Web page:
But when it came to the generation of the Flood, and then to the generation of those who built the Tower of Babel, the angels said to God, “Were not the first angels right? See how great is the corruption of mankind.”
And God replied [Is. 46:4], “Even to old age I will not change, and even to grey hair, I will still be patient.”
The angels were opposed to the creation of man because they knew in advance that of all life forms, humans alone were capable of sinning and thus threatening the work of the Creator. The passage implies that God knew that humans would sin and yet persisted in creating humanity. This may explain the sin offering brought on the birth of a child.
The child will one day sin: “There is none on earth so righteous as to do only good and never sin,” says Ecclesiastes (7:20). So a mother brings a sin offering in advance to atone, as it were, for any sin the child may commit while still a child, as if to say: “God, you knew humans would sin, yet still You created them and commanded us to bring new lives into the world. Therefore, please accept this sin offering in advance for any wrong my child may do.”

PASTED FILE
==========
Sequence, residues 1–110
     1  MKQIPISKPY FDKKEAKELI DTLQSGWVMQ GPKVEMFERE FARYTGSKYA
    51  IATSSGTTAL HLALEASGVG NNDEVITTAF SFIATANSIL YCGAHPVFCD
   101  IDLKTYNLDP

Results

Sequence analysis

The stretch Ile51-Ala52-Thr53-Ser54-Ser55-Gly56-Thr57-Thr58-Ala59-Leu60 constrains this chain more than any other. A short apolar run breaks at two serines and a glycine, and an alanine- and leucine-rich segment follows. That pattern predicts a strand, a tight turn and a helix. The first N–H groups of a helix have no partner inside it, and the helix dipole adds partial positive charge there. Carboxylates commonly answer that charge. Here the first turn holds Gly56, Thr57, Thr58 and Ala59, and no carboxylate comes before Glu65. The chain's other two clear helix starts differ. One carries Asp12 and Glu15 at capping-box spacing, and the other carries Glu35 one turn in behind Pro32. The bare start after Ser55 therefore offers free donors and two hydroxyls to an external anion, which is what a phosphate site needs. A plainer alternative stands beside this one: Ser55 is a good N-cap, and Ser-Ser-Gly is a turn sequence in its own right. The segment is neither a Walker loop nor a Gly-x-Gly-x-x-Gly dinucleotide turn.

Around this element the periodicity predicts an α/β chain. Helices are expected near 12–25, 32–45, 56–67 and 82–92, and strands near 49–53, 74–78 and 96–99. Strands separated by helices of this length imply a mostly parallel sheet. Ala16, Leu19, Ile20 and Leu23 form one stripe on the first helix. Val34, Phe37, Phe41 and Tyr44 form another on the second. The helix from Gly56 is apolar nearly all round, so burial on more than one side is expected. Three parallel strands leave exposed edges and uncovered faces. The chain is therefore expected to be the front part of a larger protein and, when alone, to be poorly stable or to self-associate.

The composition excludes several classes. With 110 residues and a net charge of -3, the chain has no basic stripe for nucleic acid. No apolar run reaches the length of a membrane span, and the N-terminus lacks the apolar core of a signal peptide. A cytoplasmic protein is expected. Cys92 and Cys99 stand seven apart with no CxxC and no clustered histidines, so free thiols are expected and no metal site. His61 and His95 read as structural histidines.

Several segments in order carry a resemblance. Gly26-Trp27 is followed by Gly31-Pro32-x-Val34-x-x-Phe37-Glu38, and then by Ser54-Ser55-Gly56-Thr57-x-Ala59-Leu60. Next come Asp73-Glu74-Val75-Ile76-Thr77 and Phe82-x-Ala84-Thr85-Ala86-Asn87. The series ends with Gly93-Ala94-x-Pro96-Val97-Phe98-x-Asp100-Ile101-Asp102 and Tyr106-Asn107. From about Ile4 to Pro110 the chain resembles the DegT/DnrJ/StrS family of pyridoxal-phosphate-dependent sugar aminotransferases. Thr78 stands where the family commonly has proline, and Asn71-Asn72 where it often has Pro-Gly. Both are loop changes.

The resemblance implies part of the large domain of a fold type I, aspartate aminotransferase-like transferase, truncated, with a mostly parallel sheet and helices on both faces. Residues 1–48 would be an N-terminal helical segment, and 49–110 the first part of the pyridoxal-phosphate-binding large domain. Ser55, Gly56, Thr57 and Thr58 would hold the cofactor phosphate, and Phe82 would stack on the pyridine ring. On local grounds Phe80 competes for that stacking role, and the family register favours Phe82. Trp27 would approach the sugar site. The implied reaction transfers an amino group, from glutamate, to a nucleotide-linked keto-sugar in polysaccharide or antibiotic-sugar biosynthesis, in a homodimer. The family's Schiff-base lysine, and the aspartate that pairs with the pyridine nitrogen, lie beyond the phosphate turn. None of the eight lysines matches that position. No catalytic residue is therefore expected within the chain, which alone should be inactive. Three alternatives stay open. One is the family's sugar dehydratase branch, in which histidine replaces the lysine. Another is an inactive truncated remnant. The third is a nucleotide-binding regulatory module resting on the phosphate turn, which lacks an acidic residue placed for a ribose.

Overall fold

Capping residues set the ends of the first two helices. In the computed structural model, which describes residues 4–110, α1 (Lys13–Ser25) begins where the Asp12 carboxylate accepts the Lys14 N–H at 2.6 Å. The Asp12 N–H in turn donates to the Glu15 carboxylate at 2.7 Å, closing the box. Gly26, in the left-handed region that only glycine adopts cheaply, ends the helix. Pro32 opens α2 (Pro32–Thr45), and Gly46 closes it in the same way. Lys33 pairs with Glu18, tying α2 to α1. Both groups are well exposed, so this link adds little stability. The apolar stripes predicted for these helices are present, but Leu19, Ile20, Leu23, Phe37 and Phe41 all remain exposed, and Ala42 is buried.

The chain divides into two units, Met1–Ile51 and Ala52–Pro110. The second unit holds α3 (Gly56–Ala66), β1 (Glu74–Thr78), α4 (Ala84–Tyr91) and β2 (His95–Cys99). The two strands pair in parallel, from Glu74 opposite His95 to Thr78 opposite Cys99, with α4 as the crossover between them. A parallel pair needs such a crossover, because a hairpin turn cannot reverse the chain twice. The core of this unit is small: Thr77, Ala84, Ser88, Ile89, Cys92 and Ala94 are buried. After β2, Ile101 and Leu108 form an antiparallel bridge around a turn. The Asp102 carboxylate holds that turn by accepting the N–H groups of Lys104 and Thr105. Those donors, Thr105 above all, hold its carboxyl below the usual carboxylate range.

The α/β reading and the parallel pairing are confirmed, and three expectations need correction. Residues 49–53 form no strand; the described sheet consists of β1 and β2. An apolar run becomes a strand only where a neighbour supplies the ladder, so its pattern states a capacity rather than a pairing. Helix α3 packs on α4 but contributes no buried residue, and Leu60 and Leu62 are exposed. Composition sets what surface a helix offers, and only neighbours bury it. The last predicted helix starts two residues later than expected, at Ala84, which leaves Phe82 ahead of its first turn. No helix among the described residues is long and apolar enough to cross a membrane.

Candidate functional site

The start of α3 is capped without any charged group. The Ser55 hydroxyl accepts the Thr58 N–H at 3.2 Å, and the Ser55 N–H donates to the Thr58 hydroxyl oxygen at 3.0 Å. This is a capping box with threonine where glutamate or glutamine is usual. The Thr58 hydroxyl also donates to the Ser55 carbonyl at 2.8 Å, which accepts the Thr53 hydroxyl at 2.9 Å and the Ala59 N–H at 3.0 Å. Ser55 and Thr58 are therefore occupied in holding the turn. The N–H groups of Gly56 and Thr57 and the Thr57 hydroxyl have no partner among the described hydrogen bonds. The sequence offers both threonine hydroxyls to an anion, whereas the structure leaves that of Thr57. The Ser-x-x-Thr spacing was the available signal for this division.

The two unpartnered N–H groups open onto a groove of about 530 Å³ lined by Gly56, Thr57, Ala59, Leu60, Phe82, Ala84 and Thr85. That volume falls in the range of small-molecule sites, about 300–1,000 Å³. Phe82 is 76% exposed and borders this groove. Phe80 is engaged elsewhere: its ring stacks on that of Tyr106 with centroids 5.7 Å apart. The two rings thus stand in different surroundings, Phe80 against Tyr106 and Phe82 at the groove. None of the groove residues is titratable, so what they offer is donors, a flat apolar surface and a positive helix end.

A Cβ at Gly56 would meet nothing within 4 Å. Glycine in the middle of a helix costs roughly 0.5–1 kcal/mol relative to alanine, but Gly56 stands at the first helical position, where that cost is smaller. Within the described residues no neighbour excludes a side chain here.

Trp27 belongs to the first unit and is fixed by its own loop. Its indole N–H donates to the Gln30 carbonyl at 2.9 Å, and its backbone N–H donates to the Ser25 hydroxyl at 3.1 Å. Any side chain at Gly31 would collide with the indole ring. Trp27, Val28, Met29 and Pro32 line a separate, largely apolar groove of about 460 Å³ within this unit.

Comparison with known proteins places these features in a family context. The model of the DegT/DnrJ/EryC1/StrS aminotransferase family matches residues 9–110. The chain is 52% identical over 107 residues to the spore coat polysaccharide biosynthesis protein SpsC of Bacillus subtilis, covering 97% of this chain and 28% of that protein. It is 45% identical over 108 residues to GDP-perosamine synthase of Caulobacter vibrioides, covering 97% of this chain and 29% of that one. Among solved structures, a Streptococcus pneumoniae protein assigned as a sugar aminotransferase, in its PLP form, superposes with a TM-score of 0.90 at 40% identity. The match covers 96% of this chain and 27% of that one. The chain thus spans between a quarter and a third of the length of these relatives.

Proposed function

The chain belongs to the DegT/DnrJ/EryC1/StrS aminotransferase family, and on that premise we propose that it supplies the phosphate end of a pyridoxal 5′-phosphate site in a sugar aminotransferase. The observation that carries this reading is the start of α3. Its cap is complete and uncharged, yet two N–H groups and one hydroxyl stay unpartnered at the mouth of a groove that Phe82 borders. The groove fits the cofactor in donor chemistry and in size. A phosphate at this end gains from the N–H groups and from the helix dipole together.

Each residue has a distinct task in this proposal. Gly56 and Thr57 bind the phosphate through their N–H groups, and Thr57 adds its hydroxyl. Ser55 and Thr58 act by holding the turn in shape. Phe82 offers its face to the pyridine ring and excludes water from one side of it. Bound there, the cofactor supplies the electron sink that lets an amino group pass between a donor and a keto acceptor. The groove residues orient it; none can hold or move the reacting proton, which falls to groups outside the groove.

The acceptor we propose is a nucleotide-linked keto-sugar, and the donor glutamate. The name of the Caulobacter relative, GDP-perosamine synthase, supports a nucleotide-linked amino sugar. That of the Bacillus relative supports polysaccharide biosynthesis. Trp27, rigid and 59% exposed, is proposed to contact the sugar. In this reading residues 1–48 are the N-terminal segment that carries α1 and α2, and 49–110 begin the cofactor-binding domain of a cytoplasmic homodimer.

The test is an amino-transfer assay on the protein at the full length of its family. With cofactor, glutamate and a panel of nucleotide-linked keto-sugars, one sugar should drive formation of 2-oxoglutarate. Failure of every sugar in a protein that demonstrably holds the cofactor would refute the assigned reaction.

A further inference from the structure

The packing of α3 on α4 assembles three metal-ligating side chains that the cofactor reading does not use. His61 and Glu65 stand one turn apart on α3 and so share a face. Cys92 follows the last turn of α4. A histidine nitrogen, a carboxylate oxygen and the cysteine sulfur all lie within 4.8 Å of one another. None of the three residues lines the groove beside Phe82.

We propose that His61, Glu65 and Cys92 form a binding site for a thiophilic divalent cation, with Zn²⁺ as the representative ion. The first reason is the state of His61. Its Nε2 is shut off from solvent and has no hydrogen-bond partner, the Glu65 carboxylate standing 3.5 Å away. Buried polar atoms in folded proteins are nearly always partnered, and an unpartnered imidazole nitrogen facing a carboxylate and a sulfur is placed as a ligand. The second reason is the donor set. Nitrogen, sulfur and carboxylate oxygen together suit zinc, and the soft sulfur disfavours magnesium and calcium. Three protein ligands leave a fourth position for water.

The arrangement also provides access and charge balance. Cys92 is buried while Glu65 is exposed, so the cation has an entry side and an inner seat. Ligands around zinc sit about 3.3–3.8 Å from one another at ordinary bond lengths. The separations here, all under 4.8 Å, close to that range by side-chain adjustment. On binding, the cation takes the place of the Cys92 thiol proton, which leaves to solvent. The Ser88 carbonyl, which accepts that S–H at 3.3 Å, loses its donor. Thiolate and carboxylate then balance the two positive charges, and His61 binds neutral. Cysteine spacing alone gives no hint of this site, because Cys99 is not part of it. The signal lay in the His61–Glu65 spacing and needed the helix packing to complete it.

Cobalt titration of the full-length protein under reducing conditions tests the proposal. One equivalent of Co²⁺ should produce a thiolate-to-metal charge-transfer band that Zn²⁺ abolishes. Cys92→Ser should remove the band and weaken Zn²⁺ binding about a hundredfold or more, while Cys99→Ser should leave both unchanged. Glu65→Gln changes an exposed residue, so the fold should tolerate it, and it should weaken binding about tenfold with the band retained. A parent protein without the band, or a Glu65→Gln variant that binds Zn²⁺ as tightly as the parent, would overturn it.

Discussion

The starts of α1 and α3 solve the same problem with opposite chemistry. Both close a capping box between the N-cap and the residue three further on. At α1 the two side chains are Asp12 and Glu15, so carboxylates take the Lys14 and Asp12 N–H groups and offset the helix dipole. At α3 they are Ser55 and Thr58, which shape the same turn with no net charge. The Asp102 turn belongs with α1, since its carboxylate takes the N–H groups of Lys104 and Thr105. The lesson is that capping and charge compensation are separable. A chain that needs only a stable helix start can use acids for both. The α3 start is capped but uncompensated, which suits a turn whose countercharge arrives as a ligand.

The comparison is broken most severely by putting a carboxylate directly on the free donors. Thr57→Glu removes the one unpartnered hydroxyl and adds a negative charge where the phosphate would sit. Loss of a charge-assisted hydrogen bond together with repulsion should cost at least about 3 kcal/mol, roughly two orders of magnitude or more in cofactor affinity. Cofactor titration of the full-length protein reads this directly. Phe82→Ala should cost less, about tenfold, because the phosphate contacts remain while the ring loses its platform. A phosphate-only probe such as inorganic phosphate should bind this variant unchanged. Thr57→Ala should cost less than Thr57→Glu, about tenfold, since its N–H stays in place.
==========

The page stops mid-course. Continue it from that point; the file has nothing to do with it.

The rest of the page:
Parents are responsible in Jewish law for sins their children commit. That is why, when a child becomes bar or bat mitzvah, a parent makes the blessing thanking God “for making me exempt from the punishment that might have accrued to me through this one.”
Thus the sacrifices a woman brings on the birth of a child, and the period during which she is unable to enter the Temple, have nothing to do with any sin she may have committed or any “defilement” she may have undergone. They are, rather, to do with the basic fact of human mortality, together with the responsibility a parent undertakes for the conduct of a child, and an acknowledgement that every new life is the gift of God.
 Rabbenu Bachya and Kli Yakar, Commentary to Leviticus 12:6.
 Nahmanides, Commentary to Leviticus 12:7.
 Sforno, Commentary to Leviticus 12:8.
 Meshech Chochmah, Commentary to Leviticus 12:6.
 Maimonides makes the interesting observation that the prohibition against a priest with a physical blemish serving in the Temple had nothing to do with holiness per se, but was due to popular perception: “For the multitude does not estimate man by his true form but by the perfection of his bodily limbs and the beauty of his garments, and the Temple was to be held in great reverence by all.” The Guide for the Perplexed, III:45.
 Jonathan Sacks, The Great Partnership: God, Science and the Search for Meaning (London: Hodder, 2011), 177–181.
 On child sacrifice, see Jon D. Levenson, The Death and Resurrection of the Beloved Son: The Transformation of Child Sacrifice in Judaism and Christianity (New Haven, Conn.: Yale University Press, 1995).
 Sanhedrin 38b.
 Genesis Rabbah 63:10.